Proteins, Carbohydrates, and Fat make up the three essential nutrients that supply our bodies with the necessary calories we need. Proteins and carbohydrates provides four calories per gram, where as fat supplies nine calories per gram.
Fat has a negative connotation in today’s world, but nutritionally, fat is very important. They provide the necessary fatty acids we obtain from the foods we eat, which are critical for brain development and blood health.
Fat is also our body’s main energy source! While exercising, your body first burns up the calories coming from carbohydrates, which occurs in the first 20 minutes of rigorous exercise. After that, the body turns to its fat! Fat also is responsible for absorbing vitamins, A, D, E, and K.
There are three main types of fats, saturated, unsaturated fats, and hydrogenated fats. The “bad” fat is saturated fat. They result in high cholesterol and weight gain. Watch the nutrition labels on the foods you are eating and try and eliminate as much saturated fats as possible. Common household items with high saturated fats include: Ice cream, butter, cheese, and meats high in fat.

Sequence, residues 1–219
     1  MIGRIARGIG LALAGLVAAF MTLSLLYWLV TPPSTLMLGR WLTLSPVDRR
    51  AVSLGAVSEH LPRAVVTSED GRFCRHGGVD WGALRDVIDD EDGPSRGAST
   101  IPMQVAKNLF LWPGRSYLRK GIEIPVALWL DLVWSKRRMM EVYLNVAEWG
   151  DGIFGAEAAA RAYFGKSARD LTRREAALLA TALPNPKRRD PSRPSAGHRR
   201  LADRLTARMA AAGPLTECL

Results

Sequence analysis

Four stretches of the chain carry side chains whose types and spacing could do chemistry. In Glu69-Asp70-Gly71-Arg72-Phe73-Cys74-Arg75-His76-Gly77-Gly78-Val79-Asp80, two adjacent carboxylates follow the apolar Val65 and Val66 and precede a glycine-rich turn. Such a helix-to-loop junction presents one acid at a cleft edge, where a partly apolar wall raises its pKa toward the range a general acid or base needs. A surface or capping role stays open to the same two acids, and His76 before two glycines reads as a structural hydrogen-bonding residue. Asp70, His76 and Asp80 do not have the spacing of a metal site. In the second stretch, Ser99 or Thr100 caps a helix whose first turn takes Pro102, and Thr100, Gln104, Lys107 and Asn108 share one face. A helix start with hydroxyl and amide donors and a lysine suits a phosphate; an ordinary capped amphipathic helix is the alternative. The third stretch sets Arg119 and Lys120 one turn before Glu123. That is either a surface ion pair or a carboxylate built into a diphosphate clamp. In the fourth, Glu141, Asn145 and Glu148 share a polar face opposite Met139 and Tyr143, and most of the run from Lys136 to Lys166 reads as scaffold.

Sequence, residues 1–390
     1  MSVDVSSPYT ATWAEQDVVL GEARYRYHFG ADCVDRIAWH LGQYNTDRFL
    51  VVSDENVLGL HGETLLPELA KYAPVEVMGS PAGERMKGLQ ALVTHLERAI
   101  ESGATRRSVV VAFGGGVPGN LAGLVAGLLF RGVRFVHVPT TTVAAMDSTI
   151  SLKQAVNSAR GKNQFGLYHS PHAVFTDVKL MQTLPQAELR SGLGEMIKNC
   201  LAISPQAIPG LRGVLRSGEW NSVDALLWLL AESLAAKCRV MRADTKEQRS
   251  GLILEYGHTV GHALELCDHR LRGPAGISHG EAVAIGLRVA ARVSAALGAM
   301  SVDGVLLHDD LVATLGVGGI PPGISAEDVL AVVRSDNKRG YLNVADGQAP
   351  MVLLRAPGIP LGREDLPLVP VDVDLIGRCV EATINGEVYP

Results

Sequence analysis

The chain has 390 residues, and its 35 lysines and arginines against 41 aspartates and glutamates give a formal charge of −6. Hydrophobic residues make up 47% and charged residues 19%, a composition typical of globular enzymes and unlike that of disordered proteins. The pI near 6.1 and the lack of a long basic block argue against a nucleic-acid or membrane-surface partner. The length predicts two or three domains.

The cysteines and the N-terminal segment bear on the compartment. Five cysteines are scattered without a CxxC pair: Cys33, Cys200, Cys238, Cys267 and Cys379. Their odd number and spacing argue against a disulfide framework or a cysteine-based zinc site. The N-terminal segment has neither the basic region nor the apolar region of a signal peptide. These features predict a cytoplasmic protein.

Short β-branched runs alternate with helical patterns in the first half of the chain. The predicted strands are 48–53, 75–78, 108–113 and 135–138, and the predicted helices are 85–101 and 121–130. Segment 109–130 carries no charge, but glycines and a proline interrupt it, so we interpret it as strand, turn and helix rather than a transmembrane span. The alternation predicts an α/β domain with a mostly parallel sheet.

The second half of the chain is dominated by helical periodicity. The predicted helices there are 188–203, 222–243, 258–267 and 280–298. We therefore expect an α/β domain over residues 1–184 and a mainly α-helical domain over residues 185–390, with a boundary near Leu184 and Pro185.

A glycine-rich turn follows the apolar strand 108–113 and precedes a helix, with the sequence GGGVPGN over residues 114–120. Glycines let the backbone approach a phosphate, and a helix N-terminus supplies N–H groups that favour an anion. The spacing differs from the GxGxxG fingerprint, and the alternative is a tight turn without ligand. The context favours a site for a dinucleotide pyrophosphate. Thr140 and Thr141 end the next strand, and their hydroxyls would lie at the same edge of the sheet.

Unsaturated fats actually aid in reducing your cholesterol when used in place of saturated fats. They tend to be high in calories, so moderation is always key. There are two types of unsaturated fats, monounsaturated fats and polyunsaturated fats. Monounsaturated fats include olive oil and canola oil. Polyunsaturated fats include fish, sunflower oil, corn oil, and soybean oils.
Hydrogenated fats are oils that have been harden. The most common examples are butter and margarine.
Limiting your fat intake is crucial for heart health. Large amounts of fat in one’s diet have also been linked to numerous different types of cancer. Reducing your fat intake is critical for your overall health! By knowing and understanding what foods are high in fat, and which fats are worse for you than others, you can make educated decisions about the food you eat, and can becoming a healthier (and skinner) you!